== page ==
Sri Lanka’s Minister for Ports and Aviation, Chamal Rajapaksa, announced plans to commence construction of USD200 million second airport at Mattala, Hambantota on 27-Nov-2009 (Daily News, 21-Nov-2009). The airport will be constructed in two phases on 2,000 ha of land. The first phase will cover 800 hectares, including a 3,500 m runway, taxiway and parking facilities, while the second phase over 1,200 ha will include aviation related facilities, MRO facilities, a pilots training centre and hotels. Phase I is scheduled for completion in 2011, with the commercial operations to commence in Dec-2011.
Sri Lanka to construct 2nd airport at Mattala, Hambantota
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As a result of the restoration of diplomatic relations between Cuba and the United States of America the US President Barack Obama visited Cuba in Mar-2016. In his speeches he placed heavy emphasis on youth, generational shift and the future (the main protagonist of the old guard, Fidel Castro, rejected Obama's visit and his words of reconciliation). This has whetted the appetite of airlines, airport operators, ATM providers and investors seeking opportunities there.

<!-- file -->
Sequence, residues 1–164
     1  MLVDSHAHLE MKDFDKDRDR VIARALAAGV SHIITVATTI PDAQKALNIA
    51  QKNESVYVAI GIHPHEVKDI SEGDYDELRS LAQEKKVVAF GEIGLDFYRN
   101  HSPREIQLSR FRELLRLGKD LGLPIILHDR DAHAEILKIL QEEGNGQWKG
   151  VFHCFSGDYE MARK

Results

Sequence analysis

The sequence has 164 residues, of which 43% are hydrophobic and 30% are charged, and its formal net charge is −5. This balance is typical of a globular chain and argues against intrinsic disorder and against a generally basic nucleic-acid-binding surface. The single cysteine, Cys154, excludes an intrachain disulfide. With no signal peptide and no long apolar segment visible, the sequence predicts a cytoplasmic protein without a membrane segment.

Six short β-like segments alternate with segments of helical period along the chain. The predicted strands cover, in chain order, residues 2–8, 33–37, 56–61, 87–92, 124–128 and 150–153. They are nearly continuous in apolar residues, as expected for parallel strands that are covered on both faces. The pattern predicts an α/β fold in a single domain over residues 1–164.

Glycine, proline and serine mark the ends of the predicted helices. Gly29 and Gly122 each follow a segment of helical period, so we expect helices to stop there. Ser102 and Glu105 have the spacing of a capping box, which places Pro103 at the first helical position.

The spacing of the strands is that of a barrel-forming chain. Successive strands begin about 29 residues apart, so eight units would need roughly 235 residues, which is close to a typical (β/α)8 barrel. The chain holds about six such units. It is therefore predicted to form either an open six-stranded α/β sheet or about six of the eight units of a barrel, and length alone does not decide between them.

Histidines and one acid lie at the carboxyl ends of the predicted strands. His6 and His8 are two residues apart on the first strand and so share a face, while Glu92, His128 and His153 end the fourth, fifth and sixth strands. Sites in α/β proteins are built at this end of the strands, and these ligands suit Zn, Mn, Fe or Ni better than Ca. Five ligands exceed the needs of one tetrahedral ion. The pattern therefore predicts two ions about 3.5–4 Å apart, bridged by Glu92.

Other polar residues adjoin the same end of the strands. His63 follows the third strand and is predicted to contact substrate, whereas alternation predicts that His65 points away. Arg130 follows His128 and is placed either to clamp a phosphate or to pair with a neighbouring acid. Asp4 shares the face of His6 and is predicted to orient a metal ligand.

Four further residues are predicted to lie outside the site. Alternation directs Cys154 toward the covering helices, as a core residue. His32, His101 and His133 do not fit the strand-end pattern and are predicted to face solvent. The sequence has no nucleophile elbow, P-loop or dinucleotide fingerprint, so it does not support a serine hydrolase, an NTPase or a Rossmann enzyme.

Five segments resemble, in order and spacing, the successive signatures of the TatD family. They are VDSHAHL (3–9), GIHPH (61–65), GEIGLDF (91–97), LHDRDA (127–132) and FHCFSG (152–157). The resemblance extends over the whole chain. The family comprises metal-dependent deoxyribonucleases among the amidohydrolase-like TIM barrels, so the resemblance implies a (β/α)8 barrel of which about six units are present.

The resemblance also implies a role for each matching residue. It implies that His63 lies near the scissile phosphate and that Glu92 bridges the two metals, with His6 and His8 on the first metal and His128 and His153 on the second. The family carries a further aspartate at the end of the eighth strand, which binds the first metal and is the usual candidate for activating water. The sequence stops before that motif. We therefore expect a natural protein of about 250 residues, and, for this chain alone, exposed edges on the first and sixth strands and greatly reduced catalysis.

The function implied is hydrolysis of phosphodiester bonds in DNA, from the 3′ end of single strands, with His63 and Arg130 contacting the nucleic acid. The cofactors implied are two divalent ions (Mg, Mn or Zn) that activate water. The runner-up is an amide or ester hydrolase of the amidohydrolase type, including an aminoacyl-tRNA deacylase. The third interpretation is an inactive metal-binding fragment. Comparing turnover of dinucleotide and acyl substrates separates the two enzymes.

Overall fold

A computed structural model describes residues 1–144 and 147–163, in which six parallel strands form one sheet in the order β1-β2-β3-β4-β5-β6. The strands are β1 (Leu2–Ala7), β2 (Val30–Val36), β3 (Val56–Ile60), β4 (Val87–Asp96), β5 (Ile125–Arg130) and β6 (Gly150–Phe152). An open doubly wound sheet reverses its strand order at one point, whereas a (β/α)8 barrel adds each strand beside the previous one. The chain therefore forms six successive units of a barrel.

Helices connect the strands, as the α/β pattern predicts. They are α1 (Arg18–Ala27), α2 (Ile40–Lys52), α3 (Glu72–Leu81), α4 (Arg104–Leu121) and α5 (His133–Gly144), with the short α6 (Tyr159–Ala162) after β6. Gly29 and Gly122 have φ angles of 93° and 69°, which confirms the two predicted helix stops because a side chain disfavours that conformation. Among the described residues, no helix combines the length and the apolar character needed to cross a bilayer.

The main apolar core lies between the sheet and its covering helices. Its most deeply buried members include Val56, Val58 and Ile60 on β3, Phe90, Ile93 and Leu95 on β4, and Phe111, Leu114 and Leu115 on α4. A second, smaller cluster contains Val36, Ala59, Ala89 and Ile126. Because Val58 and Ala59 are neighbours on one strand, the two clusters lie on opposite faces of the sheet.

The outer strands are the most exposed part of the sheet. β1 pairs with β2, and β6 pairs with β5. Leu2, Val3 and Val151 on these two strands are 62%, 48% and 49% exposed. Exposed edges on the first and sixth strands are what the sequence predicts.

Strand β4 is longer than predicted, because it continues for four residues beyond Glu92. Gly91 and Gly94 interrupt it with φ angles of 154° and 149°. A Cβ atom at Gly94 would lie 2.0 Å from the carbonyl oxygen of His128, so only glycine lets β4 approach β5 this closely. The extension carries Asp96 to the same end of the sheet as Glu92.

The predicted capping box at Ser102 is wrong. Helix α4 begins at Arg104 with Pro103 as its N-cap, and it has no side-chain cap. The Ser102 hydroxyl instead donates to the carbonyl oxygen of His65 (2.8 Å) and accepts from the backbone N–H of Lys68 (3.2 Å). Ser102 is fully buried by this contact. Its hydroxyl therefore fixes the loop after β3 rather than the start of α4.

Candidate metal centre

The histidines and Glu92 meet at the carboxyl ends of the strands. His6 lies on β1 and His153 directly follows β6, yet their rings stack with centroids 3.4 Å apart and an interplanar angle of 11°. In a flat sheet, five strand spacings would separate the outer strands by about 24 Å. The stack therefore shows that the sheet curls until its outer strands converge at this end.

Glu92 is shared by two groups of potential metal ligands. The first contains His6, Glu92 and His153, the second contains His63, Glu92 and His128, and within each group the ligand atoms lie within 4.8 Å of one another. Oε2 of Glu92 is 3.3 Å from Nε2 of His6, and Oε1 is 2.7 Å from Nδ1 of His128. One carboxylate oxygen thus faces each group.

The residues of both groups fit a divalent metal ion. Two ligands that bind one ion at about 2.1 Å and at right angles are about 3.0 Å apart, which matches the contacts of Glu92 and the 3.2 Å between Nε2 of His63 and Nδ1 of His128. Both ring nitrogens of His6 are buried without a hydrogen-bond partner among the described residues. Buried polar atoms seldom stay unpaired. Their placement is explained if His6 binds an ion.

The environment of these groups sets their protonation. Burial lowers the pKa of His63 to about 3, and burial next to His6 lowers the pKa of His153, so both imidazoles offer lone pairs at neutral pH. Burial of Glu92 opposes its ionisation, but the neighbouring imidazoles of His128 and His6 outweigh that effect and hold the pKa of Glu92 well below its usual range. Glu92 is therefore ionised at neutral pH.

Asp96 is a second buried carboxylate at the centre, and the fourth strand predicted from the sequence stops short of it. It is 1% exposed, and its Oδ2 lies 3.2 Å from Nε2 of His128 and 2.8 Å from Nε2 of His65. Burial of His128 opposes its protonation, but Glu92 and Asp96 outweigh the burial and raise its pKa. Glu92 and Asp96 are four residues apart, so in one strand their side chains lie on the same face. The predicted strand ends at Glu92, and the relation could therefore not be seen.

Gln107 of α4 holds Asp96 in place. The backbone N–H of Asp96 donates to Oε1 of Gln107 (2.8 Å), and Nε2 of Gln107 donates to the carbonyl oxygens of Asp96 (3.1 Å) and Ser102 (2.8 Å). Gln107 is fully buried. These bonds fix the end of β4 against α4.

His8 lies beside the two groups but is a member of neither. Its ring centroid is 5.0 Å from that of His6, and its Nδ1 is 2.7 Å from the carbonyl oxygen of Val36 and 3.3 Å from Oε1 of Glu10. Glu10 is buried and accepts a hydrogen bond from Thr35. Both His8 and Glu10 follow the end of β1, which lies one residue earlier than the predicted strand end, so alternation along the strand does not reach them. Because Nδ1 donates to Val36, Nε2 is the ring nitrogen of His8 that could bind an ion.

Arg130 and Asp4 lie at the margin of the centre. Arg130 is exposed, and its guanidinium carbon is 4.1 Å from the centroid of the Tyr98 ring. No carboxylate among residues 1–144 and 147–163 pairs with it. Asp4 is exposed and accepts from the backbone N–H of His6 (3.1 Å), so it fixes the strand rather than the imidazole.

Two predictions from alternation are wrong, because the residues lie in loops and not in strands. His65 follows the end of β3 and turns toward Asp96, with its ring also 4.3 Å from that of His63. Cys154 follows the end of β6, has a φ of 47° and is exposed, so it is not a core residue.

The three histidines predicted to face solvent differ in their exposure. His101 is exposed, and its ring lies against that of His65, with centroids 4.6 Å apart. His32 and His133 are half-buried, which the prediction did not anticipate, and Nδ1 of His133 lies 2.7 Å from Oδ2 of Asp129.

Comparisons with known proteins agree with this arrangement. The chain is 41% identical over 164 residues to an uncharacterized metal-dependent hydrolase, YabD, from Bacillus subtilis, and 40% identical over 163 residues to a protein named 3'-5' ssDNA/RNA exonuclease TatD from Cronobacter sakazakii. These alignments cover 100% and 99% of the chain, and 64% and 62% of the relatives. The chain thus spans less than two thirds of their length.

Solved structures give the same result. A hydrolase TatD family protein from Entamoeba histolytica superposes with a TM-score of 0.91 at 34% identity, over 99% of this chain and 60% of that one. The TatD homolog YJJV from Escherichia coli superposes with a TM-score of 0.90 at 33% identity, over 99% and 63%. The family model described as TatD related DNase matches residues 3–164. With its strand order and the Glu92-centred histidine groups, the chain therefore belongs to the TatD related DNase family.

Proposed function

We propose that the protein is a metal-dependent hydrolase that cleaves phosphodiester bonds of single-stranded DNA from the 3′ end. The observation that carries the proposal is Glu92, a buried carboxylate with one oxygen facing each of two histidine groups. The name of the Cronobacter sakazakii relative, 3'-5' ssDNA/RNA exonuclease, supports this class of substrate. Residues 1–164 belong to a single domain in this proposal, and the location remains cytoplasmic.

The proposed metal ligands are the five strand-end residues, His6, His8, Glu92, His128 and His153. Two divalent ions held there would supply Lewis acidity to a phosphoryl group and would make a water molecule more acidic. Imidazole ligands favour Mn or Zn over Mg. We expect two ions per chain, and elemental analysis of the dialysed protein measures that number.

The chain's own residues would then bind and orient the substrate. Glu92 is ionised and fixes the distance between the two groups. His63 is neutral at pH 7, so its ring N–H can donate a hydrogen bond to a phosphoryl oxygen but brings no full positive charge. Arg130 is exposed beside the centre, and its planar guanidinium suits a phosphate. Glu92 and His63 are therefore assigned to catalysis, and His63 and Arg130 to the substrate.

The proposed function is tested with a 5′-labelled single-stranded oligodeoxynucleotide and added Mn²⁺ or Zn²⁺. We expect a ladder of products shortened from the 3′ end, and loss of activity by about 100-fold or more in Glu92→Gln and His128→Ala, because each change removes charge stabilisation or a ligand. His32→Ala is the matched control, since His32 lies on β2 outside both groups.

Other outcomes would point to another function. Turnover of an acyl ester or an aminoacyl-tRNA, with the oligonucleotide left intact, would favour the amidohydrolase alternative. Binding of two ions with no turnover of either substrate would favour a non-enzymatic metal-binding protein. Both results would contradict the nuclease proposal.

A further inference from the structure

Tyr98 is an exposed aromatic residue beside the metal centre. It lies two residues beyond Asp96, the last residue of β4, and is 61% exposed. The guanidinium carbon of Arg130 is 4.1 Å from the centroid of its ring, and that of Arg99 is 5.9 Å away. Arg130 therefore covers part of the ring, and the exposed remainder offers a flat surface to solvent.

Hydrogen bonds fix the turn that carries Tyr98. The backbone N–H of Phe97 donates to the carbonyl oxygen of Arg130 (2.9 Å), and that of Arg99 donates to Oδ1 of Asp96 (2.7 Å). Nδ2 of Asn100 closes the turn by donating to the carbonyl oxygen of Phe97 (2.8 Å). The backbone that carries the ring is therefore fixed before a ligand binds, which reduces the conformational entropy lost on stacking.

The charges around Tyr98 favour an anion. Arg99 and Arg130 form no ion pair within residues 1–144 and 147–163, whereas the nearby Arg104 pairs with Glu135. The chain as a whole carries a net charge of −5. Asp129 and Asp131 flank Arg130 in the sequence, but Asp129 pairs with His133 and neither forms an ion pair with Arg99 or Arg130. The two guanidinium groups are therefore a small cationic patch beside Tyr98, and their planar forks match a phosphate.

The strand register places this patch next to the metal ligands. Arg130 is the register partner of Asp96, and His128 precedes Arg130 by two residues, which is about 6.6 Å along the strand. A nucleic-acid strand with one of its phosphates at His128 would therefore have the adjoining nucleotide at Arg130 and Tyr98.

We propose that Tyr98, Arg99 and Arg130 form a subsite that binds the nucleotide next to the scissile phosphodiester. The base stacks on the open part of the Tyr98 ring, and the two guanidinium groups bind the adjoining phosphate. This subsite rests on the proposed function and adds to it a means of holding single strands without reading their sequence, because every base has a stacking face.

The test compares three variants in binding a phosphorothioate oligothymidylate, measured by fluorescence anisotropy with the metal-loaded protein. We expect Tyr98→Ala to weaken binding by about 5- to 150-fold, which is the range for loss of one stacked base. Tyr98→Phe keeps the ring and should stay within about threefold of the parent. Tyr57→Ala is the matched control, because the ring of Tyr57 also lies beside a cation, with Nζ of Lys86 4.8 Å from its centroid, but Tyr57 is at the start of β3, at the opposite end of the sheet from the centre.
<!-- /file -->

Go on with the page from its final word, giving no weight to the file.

Indeed, and even though Cuba has long been receiving flights from many countries if not from the US (where only ‘special circumstances’ applied), it is possible to bracket these events with other similar outcomes in countries such as Iran and Myanmar. Suddenly, Cuba is ‘open for business’ in the eyes of the western world, but that might not quite be the case. There is a long way ahead and there is a lot to be done, with no guarantees.
This report, while dealing briefly with wider aviation and, indeed, economic issues arising out of the rapprochement, focuses on the country’s leading airport, Havana’s Jose Marti International - and how it stands to gain from these developments; particularly if it could become a regional hub.